Sixty years of fear appeal research: Current state of the evidence

Robert A.C. Ruiter*, Loes T.E. Kessels, G-JY Peters, G. Kok

*Corresponding author for this work

    Research output: Contribution to journalArticleAcademicpeer-review

    245 Citations (Web of Science)


    Fear arousal is widely used in persuasive campaigns and behavioral change interventions. Yet, experimental evidence argues against the use of threatening health information. The authors reviewed the current state of empirical evidence on the effectiveness of fear appeals. Following a brief overview of the use of fear arousal in health education practice and the structure of effective fear appeals according to two main theoretical frameworks—protection motivation theory and the extended parallel process model—the findings of six meta-analytic studies in the effectiveness of fear appeals are summarized. It is concluded that coping information aimed at increasing perceptions of response effectiveness and especially self-efficacy is more important in promoting protective action than presenting threatening health information aimed at increasing risk perceptions and fear arousal. Alternative behavior change methods than fear appeals should be considered.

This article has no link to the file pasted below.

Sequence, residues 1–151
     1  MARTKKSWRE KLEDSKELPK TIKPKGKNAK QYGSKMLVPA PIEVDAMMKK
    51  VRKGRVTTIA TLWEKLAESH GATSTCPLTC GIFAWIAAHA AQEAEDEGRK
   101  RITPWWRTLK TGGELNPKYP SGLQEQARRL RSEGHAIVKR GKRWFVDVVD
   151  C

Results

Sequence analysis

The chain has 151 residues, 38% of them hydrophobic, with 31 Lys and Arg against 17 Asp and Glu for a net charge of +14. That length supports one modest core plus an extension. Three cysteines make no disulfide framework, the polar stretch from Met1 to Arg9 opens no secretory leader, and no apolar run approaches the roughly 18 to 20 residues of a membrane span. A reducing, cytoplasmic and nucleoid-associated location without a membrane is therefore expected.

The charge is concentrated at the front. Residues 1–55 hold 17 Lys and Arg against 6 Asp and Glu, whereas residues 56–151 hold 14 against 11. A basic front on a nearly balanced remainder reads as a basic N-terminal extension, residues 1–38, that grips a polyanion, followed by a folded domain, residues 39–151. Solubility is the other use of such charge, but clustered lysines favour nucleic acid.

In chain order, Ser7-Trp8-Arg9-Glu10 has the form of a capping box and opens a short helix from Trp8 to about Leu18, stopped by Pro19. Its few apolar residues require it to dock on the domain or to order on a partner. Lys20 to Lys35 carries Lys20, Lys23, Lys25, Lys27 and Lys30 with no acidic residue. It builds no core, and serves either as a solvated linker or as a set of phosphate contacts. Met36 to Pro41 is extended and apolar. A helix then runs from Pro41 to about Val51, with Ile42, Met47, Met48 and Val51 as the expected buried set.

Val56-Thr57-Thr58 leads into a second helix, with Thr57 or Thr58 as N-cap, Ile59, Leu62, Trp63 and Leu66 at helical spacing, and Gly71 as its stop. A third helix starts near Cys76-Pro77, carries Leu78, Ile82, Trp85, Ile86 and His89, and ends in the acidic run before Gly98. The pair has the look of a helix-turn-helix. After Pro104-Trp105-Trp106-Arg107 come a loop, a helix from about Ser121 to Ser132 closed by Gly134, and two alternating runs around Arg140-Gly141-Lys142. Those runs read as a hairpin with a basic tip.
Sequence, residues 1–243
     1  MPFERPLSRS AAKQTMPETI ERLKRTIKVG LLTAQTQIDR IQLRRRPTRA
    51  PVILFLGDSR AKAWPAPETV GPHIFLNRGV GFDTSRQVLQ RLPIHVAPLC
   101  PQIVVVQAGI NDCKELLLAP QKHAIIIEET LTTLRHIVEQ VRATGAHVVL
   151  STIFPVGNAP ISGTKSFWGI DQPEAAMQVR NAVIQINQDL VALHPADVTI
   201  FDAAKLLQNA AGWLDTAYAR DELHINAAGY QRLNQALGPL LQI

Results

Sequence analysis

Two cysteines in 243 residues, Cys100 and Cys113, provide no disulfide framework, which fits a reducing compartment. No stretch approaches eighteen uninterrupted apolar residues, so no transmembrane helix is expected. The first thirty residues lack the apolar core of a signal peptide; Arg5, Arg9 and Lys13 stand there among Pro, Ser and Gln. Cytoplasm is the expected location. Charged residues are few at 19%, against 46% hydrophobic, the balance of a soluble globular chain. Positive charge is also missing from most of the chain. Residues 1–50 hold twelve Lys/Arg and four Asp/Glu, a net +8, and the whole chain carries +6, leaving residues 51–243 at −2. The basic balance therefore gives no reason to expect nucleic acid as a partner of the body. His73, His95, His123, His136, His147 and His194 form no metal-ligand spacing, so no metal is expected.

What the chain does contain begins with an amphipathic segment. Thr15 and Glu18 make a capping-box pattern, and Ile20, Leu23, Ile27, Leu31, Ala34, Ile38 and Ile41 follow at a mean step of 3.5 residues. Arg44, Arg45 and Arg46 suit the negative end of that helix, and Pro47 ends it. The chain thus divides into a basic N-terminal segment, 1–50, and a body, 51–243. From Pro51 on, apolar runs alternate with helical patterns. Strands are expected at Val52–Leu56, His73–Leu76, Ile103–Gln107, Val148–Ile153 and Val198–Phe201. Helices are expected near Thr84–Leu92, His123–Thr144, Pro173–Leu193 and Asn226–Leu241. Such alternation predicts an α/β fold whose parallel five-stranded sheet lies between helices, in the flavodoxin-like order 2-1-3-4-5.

Original languageEnglish
    Pages (from-to)63-70
    Number of pages8
    JournalInternational Journal of Psychology
    Issue number2
    Publication statusPublished - 24 Feb 2014


    • Fear appeals
    • Literature review
    • threat information
    • persuasion
    • behavior change


    Dive into the research topics of 'Sixty years of fear appeal research: Current state of the evidence'. Together they form a unique fingerprint.

    Cite this